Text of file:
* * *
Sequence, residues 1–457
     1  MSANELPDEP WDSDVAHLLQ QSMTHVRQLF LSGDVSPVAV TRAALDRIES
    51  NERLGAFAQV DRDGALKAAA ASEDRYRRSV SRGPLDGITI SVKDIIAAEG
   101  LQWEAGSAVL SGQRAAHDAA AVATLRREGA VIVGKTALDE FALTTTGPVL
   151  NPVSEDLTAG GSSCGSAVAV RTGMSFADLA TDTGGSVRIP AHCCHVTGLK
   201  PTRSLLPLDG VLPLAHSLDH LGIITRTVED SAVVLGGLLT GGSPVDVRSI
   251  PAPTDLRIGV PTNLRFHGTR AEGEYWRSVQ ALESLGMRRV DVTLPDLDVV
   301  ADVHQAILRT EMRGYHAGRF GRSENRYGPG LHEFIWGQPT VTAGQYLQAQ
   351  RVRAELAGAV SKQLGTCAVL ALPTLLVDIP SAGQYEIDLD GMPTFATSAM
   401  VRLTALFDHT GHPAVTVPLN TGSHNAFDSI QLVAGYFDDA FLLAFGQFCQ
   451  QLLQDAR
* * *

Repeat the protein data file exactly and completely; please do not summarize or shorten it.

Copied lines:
Sequence, residues 1–457
     1  MSANELPDEP WDSDVAHLLQ QSMTHVRQLF LSGDVSPVAV TRAALDRIES
    51  NERLGAFAQV DRDGALKAAA ASEDRYRRSV SRGPLDGITI SVKDIIAAEG
   101  LQWEAGSAVL SGQRAAHDAA AVATLRREGA VIVGKTALDE FALTTTGPVL
   151  NPVSEDLTAG GSSCGSAVAV RTGMSFADLA TDTGGSVRIP AHCCHVTGLK
   201  PTRSLLPLDG VLPLAHSLDH LGIITRTVED SAVVLGGLLT GGSPVDVRSI
   251  PAPTDLRIGV PTNLRFHGTR AEGEYWRSVQ ALESLGMRRV DVTLPDLDVV
   301  ADVHQAILRT EMRGYHAGRF GRSENRYGPG LHEFIWGQPT VTAGQYLQAQ
   351  RVRAELAGAV SKQLGTCAVL ALPTLLVDIP SAGQYEIDLD GMPTFATSAM
   401  VRLTALFDHT GHPAVTVPLN TGSHNAFDSI QLVAGYFDDA FLLAFGQFCQ
   451  QLLQDAR